Under the Dome

HB2 trial set for November

HB2: A timeline for North Carolina’s controversial law

North Carolina’s legislature passed a law that prevents transgender people from using bathrooms corresponding to the gender with which they identify. The law — House Bill 2 (HB2) — has incited a state-wide civil liberties battle. Here is the timel
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North Carolina’s legislature passed a law that prevents transgender people from using bathrooms corresponding to the gender with which they identify. The law — House Bill 2 (HB2) — has incited a state-wide civil liberties battle. Here is the timel

The week after the presidential elections could be the opening salvo in the trial over House Bill 2.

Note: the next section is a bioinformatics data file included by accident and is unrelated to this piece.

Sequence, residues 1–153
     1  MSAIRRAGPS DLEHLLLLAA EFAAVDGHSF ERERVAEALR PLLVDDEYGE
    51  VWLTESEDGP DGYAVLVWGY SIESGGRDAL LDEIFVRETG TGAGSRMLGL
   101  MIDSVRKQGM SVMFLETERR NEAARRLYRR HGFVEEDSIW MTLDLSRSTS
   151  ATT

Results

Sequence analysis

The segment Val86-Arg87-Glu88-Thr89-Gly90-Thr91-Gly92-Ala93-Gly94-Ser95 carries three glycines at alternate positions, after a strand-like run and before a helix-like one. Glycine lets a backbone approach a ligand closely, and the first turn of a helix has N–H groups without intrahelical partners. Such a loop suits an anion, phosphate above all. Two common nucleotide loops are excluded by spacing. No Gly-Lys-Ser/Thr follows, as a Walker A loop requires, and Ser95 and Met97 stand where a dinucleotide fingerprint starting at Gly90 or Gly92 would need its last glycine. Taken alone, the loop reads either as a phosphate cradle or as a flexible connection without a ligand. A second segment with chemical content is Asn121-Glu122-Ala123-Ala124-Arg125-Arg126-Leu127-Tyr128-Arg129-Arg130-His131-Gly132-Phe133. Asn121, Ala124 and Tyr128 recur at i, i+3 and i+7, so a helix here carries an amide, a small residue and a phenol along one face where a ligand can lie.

U.S. District Judge Thomas Schroeder scheduled the trial start for Nov. 14 in the HB2 challenge brought by six North Carolinians shortly after the law was adopted.

Five lawsuits have been filed in federal court over HB2, the law that requires transgender people to use publicly owned restrooms and locker rooms in accordance with the gender on their birth certificates instead of the gender with which they identify.

On Aug. 1, Schroeder will hear arguments on whether to put the law on hold while the lawsuit filed by the American Civil Liberties Union, ACLU of North Carolina, Lambda Legal and Jenner & Block law firm filed on behalf of three transgender residents, a lesbian N.C. Central University law professor and lesbian couple in Mecklenburg County.

During the full trial, the court will also consider challenges to sections of HB2 that prohibit local municipalities from extending nondiscrimination protections to LGBT people.

North Carolina’s legislature passed a law that prevents transgender people from using bathrooms corresponding to the gender with which they identify. The law — House Bill 2 (HB2) — has incited a state-wide civil liberties battle. Here is the timel

Anne Blythe: 919-836-4948, @AnneBlythe1

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